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Complex Corrections with Elliott Waves Theory

The previous article on our Forex Trading Academy dealt with simple corrections and how to actually trade them based on the b-wave retracement level and the break of the b-d trend line. However, simple corrections appear really rarely as individual corrections of a bigger degree, so traders should be ready to deal with complex corrections. A complex correction is formed out of simple ones (zigzags, flats, triangles) that are connected by a maximum of two x-waves, or intervening x-waves. The key to correctly labelling a complex correction comes from this connecting x-wave and its retracement level.

Types of Complex Corrections

There are many types of complex corrections that Elliott identified, and the way to start is to split them into two categories. These categories are determined by how much the first x-wave in a complex correction is retracing into the territory of the previous correction. It means that one should effectively measure the first a-b-c structure, from its beginning to its end, and then look where the end of the x-wave falls. If its x-wave ends above the 61.8% level of the whole first correction, it is said that the complex correction to form is one with a large x-wave. On the other hand, an x-wave that ends below the 61.8% retracement level is part of a complex correction with a small x-wave. As a rule of thumb, it is not possible for a complex correction to start with a triangle, so the only two options available are a zigzag and a flat pattern.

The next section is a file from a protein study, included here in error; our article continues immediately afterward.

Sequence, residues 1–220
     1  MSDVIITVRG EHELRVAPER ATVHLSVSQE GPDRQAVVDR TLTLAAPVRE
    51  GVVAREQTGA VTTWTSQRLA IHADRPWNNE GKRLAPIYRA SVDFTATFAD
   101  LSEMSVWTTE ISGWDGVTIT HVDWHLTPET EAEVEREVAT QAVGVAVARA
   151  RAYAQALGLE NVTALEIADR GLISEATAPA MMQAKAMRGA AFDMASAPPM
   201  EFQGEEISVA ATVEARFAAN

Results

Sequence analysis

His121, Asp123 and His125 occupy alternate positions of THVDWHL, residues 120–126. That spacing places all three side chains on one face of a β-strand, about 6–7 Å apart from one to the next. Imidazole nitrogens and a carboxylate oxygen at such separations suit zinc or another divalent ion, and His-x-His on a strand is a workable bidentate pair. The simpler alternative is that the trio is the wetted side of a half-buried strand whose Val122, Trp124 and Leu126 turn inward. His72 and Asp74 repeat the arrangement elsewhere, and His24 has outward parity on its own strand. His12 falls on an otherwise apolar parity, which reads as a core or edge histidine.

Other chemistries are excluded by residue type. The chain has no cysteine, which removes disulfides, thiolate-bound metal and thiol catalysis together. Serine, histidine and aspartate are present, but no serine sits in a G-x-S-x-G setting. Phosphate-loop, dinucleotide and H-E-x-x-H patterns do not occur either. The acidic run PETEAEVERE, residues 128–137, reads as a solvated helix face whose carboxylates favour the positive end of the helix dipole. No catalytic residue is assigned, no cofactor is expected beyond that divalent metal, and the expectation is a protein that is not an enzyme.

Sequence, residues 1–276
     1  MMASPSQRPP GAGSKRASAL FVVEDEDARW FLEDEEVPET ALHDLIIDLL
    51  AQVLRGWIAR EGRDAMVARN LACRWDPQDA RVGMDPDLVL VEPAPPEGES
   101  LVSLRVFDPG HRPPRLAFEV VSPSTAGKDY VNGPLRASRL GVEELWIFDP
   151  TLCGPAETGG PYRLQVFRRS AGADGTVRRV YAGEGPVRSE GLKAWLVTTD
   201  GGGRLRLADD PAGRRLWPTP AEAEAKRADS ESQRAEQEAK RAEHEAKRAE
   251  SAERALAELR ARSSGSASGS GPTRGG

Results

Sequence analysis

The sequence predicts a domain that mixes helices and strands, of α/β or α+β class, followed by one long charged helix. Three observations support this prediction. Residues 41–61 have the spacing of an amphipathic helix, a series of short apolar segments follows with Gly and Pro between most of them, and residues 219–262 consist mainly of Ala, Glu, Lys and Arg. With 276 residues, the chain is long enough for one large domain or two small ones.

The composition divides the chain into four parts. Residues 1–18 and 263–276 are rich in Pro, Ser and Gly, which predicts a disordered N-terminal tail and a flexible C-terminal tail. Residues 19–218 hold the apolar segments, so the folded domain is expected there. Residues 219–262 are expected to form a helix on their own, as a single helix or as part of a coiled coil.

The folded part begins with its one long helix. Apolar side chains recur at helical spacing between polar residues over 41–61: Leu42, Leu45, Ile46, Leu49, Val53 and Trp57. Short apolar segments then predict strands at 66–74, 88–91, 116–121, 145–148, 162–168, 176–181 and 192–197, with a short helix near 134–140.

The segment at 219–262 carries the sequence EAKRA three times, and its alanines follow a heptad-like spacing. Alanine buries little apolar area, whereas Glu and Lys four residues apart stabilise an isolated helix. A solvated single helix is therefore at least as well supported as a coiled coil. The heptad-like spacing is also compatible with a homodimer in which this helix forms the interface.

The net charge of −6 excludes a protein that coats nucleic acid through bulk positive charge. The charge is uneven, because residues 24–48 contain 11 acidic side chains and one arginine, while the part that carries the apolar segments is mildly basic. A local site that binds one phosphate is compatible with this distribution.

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Complex Corrections with a Small X-Wave

The patterns that fall into this category have an x-wave that retraces less than 61.8% of the previous a-b-c structure (that can either be a zigzag or a flat). Such patterns are far commoner than corrections with large x-waves, and it is therefore  mandatory for a trader to master them.

Double Combinations